Writing On Wall


Tomorrow the Presidential race between two Dalit candidates will end. A total of 776 Members of Parliament from both the Houses and 4,120 MLAs would cast their secret vote. But the writing on the wall is absolutely clear, as the NDA’s Ram Nath Kovind (71) is far ahead of his rival of the “united opposition”, Meira Kumar (72), Congress leader and India’s first woman Lok Sabha Speaker. Kovind is a former two-time BJP Rajya Sabha member.

Meira’s father was a well-known Dalit icon, Babu Jagjivan Ram, who was the Deputy Prime Minister in the Janata government. She has lived a highly comfortable and sophisticated life. She studied in best missionary schools and top colleges, worked as an IAS officer and served as a diplomat in many diplomatic missions abroad, before joining politics. In comparison, Kovind is a low-profile BJP leader, who practised as a lawyer in the Supreme Court and the Delhi High Court, before joining politics. At one time, he lived in a rented accommodation in an unauthorised colony in his native place, Kanpur.

The Sunday Guardian noticed that the excitement was only among the politicians despite the fact that the outcome is known to everyone. We scanned letters sent by readers to different newspapers to fathom the common man’s interest. “Hypocrisy on display!” a reader, Mumukshu K. Thakur from Chamba wrote in a letter to the editor of a northern state newspaper. “A Dalit President? What hypocrisy is on display by all the political parties. Leaving aside raising slogans in favour of Dalits and all other neglected and exploited sections of the society, which party has done anything substantial and sufficient for the cause of Dalit masses?” he asks.

Another reader, Shadi Lal, says that the Presidential election has been reduced to almost a panchayat poll, where nominees, accompanied by a coterie of ministers in one case and opposition leaders in another have to undertake election campaigns all across the country when the outcome is clear to one and all. “Why spend so much money and energy in such pursuits? It is wasteful expenditure, to say the least.”

Kovind’s campaigners have maintained that he is soft-spoken and low-profile while “Meira is an elite”

TSG Impact


In this column on 9 July, we wrote that whenever a new government comes to power in Lucknow, the bureaucracy behaves like a chameleon. Babus change the colour of schemes to show unwarranted support to the ruling party’s official colours. And since the day the BJP Chief Minister Yogi Adityanath had come to power, the bureaucracy had gone all out for the display of saffron colour at official events and in interior decorations; babus seems to be inspired by his saffron robes. Officially, there were no instructions from the Chief Minister.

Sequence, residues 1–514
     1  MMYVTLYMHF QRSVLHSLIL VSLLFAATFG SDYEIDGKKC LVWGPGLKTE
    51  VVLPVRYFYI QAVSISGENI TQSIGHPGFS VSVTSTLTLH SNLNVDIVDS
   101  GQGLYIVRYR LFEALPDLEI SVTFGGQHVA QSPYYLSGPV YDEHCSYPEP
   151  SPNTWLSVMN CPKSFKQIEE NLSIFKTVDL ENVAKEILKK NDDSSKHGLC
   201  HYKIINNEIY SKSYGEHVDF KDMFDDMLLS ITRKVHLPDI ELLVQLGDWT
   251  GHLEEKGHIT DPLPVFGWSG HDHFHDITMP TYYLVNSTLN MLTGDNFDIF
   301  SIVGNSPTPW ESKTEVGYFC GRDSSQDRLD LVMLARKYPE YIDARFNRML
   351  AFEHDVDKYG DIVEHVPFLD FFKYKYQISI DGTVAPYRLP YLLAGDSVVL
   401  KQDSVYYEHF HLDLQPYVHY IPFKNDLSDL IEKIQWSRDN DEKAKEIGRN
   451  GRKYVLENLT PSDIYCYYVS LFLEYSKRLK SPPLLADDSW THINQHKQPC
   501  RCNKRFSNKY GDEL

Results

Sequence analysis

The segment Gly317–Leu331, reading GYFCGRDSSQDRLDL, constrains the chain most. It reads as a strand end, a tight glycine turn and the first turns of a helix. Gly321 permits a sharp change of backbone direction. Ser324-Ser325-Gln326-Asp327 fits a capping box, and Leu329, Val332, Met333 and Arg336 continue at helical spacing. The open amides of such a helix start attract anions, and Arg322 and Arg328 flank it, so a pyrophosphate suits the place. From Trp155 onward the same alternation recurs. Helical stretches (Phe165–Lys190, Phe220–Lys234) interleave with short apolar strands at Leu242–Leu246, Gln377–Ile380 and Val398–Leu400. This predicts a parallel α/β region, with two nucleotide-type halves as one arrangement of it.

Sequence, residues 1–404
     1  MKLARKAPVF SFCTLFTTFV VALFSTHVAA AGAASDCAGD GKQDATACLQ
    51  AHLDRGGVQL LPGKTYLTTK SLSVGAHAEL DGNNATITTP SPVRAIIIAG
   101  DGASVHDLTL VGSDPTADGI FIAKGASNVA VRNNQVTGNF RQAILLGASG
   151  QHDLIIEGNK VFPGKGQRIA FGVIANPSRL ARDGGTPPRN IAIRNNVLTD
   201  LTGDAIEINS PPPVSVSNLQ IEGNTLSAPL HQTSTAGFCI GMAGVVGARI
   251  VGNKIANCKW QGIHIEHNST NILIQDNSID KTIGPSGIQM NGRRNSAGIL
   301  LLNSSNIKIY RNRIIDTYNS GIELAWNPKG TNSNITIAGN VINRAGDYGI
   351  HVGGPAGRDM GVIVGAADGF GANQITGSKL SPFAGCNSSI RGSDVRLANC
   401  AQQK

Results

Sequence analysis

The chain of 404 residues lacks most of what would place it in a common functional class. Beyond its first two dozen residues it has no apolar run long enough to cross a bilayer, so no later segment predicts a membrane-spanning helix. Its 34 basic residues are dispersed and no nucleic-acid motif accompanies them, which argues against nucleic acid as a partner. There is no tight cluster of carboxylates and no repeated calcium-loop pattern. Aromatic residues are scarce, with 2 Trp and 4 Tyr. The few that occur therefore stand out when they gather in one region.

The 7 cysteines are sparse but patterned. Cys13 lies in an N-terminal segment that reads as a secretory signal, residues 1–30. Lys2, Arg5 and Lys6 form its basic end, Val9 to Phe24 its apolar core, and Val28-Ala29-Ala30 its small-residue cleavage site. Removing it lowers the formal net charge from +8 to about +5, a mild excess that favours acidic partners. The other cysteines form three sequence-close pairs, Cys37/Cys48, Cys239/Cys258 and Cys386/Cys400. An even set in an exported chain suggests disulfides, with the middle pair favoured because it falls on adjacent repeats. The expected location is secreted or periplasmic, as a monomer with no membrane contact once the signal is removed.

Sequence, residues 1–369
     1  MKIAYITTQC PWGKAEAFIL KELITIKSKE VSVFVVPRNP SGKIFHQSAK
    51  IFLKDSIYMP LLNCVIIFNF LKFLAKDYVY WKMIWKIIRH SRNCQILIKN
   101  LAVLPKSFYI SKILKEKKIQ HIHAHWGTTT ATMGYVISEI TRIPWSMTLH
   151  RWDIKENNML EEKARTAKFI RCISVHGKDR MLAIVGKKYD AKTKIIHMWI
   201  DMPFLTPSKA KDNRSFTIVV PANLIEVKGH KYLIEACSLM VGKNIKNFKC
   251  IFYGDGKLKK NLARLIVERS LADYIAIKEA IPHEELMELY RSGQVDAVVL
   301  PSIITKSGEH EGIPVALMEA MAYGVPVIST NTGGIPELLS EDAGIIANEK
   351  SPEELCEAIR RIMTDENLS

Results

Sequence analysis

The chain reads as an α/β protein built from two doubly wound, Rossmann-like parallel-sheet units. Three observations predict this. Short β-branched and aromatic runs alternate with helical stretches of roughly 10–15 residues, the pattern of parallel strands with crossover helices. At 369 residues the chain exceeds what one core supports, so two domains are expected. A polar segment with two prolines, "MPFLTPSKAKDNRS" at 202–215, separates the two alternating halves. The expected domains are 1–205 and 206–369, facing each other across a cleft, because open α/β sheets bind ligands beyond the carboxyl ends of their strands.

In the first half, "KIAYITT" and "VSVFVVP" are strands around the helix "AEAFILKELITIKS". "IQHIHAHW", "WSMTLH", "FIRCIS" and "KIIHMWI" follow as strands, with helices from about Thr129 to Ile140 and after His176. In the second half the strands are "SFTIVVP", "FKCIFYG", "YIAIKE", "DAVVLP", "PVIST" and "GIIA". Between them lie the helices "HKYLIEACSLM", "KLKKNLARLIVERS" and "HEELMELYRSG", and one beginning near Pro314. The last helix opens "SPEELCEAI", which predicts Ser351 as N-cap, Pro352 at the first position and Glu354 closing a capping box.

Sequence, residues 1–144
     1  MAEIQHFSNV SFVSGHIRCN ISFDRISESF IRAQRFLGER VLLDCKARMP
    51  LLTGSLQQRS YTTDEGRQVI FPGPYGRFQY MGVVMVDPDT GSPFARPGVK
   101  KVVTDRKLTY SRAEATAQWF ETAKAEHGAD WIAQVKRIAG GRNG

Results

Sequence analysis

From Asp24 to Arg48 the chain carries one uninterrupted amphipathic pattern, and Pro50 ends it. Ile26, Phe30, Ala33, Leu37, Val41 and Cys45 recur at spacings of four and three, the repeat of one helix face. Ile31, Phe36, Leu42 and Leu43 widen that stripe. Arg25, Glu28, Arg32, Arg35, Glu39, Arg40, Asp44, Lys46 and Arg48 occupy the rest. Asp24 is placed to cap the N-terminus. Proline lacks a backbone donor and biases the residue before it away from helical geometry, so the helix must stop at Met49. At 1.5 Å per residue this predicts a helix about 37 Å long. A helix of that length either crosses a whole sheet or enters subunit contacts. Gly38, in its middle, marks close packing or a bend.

The very next day on 10 July, the Chief Minister’s principal secretary, S.P. Goel wrote to all branches of the state administration conveying Yogi’s “unhappiness over the use of a particular colour and special arrangements being made during his tour functions”.

Goel says that the red carpet is laid and a particular colour’s towels and other things are displayed during the CM’s official visits. He has conveyed that the CM has given clear instructions that no special arrangements should be made during his tours. “There should be no dikhawat and inconvenience to general public should be avoided.”

Since the day the BJP Chief Minister Yogi Adityanath had come to power, the bureaucracy had gone all out for the display of saffron colour at official events and in interior decorations; babus seems to be inspired by his saffron robes. Officially, there were no instructions.

Senior officials had pointed out the cases of the CM’s visit to the houses of martyred jawans in Devaria and Gorakhpur. The local administration “temporarily” installed sofa sets and air-conditioners there and red carpets were rolled out for him. “The CM has expressed his unhappiness over such things and that he wants that such frivolous acts should not be repeated,” he has said.

By issuing clear instructions that “a particular colour” should not be used and no red carpet be rolled out for him, Yogi Adityanath has set a fine example.

Mutual Understanding


BJP and Congress leaders rarely miss the opportunity to indulge in blame games. But at a seminar on “whether the present civic administration of Delhi fulfils the aspirations of people”, Vijender Gupta (BJP), Leader of the Opposition in the Delhi Assembly, and Ajay Maken, president of the Delhi Pradesh Congress Committee, discussed this important issue frankly, admitting their parties’ mistakes.

In a lighter vein, Maken even said, “See, today we are sitting together in the Jawaharlal Nehru National Youth Centre located at Deen Dayal Upadhyaya Marg.”

The seminar was organised by the Citizen’s Council Delhi. Former BJP MLA Mewa Ram Arya, who presided, and former BJP MLA and the Council’s Convenor Prof P.K. Chandla said that the civic administration had failed totally to fulfil people’s aspirations.

Vijender Gupta said that about 70% people were living in “unorganised areas” and the national capital was heading to become “a big slum, instead of being a smart city”. The bureaucracy was a stumbling block in providing the right kind of facilities for people’s welfare and that the DDA was not in a position to provide affordable housing.

Maken said that the reality was that no state government was in favour of giving powers to the civic bodies, even if both were ruled by the same political party. “Over the years, successive Delhi governments have taken away lots of functions and responsibilities from the civic bodies,” added Maken, commenting that he was not a great supporter of the trifurcation of the MCD in 2012.